Development of a model to support professional development of primary mathematics teachers in Mauritius.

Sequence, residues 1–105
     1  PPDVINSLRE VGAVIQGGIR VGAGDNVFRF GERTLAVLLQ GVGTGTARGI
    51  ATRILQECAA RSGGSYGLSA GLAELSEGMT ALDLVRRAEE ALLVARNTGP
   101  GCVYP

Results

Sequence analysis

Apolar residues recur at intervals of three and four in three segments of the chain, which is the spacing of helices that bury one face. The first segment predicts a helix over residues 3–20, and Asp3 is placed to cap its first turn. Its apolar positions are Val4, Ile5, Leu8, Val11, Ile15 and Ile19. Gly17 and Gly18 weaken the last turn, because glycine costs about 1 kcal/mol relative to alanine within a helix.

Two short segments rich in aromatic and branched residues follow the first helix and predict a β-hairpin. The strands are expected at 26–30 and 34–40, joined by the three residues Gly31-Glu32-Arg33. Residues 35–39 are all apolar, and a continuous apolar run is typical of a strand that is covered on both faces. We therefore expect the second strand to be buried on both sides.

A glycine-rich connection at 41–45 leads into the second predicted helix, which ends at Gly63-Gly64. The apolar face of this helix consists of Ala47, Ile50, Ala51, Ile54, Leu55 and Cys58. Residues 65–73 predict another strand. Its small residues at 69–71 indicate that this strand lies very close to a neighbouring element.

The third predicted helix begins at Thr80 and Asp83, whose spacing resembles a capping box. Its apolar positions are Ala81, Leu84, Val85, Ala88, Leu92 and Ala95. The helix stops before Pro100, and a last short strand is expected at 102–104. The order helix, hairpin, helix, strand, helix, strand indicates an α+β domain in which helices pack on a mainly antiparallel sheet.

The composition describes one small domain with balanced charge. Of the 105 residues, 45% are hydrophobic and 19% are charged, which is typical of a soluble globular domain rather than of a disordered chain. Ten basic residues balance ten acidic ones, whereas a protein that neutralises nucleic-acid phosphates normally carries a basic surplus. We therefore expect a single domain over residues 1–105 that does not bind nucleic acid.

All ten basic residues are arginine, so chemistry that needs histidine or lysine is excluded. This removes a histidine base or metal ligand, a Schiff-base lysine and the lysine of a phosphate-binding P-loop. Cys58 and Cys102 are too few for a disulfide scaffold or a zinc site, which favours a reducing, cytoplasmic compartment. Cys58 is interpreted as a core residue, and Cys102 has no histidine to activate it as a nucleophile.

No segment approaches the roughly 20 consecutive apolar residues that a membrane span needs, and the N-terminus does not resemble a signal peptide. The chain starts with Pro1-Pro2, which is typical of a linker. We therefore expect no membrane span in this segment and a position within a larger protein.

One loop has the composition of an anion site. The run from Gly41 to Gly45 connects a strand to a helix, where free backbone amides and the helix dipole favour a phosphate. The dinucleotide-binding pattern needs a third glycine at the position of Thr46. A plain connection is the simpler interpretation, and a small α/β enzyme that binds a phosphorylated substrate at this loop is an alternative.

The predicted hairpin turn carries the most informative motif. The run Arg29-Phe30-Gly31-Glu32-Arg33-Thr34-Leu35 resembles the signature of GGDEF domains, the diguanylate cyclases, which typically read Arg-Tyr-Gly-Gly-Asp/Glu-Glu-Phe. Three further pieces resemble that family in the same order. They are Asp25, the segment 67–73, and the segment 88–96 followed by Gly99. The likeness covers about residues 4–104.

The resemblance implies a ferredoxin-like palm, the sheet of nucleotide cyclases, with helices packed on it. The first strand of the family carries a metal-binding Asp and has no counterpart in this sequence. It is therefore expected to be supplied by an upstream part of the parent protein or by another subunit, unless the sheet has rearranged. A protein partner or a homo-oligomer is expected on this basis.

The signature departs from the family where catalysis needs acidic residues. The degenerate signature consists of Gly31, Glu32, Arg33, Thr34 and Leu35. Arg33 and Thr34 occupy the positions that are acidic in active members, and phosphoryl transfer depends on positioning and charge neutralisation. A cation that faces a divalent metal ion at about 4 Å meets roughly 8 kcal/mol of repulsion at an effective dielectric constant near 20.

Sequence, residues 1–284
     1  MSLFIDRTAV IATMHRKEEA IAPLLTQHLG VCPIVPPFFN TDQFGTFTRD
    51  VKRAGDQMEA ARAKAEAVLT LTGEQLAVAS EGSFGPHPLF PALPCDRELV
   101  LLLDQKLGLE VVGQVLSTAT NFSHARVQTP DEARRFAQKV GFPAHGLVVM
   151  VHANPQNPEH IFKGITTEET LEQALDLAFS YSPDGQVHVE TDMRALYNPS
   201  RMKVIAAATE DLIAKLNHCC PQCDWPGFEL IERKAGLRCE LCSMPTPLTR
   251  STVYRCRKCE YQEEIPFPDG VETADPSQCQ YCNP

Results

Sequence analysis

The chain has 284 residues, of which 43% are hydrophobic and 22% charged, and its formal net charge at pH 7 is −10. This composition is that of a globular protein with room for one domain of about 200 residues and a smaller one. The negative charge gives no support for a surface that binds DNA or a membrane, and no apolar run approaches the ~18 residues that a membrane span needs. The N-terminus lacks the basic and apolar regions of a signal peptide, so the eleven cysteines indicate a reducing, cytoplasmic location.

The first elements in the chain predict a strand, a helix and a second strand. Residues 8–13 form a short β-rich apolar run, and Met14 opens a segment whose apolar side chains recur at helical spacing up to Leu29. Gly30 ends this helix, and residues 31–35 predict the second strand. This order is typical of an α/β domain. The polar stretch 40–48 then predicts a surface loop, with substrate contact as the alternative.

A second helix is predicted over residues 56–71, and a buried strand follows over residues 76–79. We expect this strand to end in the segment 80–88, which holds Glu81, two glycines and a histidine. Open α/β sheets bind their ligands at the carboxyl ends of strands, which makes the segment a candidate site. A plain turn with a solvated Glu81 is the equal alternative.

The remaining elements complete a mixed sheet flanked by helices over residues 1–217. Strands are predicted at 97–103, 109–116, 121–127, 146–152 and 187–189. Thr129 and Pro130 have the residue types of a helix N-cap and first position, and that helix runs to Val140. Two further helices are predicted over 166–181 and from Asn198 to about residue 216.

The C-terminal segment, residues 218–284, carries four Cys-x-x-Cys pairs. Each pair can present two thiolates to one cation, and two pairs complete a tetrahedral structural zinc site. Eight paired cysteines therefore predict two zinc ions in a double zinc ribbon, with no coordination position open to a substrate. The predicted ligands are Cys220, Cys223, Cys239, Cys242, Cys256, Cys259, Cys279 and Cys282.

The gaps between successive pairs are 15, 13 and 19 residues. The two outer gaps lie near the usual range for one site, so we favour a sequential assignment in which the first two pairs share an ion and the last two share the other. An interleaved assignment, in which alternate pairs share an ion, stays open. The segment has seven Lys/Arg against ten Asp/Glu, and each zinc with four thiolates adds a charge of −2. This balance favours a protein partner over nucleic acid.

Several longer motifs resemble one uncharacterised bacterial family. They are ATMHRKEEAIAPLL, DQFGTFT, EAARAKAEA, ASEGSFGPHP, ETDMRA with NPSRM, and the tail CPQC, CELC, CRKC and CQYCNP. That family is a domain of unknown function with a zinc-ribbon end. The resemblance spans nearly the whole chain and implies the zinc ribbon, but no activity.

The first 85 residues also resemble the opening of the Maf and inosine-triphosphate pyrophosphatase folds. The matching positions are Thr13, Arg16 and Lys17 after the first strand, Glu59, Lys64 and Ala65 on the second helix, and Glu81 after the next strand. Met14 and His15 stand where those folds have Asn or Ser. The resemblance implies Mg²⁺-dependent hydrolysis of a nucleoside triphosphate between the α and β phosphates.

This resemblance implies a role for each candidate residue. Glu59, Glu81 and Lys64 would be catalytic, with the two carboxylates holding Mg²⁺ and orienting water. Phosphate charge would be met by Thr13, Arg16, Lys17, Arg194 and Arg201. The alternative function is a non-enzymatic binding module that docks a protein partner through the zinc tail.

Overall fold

This study reflects the phenomenological and empirical description of the researcher's experience as a secondary school teacher, teacher educator and researcher at a teacher training institute. The study was prompted by low performance and high drop outs of children in the primary schools of Mauritius. In the course of the investigations, a variety of collateral and related issues spawned from the study of the main theme. These focused on three main educational issues being at the heart of the reform process undertaken in Mauritius: undergraduate teacher preparation programs, continuing professional development of teachers, and curriculum restructuring. The first issue addresses the problem of pre-service teacher preparation programs and its impact on efficiency, effectiveness and efficacy of teachers. The second concerns the provision of professional development opportunities to teachers and its impact on the performance of students and overall school improvement. The third focuses on the need for curriculum restructuring in a context where, with the advent of the information society, the educational landscape is changing to accommodate computer technology as a cognitive tool. The thesis also focuses on the impact of teachers' development on school performance and makes recommendations for improving schools' overall performance through teacher development, computer technology, and curriculum restructuring. The phenomenological dimension of the study relates to the search for a pedagogical-andragogical-technological solution to the problem of continuing professional development of teachers. Chapter 1 provides an overview of the educational system in Mauritius within focus on the role of teachers from a modernist perspective. The chapter also provides the rationale for change from a postmodern perspective. Chapter 2 provides a review of literature on teacher development, preparation programs for trainee teachers, and the problematics of elementary school mathematics from a constructivist perspective. Chapter 3 deals with problems of investigating research paradigms and the search for methodological stances for the investigations. Chapter 4 deals with the analysis of the research data. Chapter 5 describes the findings and provides the bases for formulating the proposals and recommendations. The study is based on a diversity of research methods that in fact transcend the narrow standards of traditional empirical research. The researcher had recourse to a range of methods, based on an eclectic approach that drew from developmental research and a combination of ethnographic and hermeneutics research, in investigating contemporary teaching, learning and curriculum development processes in order to provide a concrete, theoretically-based direction for organizing the investigations. The approaches, in a sense, are mutually intertwined and provide a basis for investigating and making suggestions on how teacher development and curriculum ought to be or could be. Much of the study has been driven by postmodern thinking in pursuit of a rationale to bring a re-conceptualization of teacher training and development, and curriculum change. In this respect, the researcher may be regarded as a 'self-styled postmodernist' adopting a questioning epistemology to investigate the objective reality created by modernism. The scientific notation has been used to link the different sections of the text for ease of reference. It is expected that the findings and recommendations will be found to be useful to decision- and policy-makers and may guide further research in the field of teacher education in Mauritius. It is hoped that this thesis will contribute to enrich the burgeoning research literature on Mauritian education.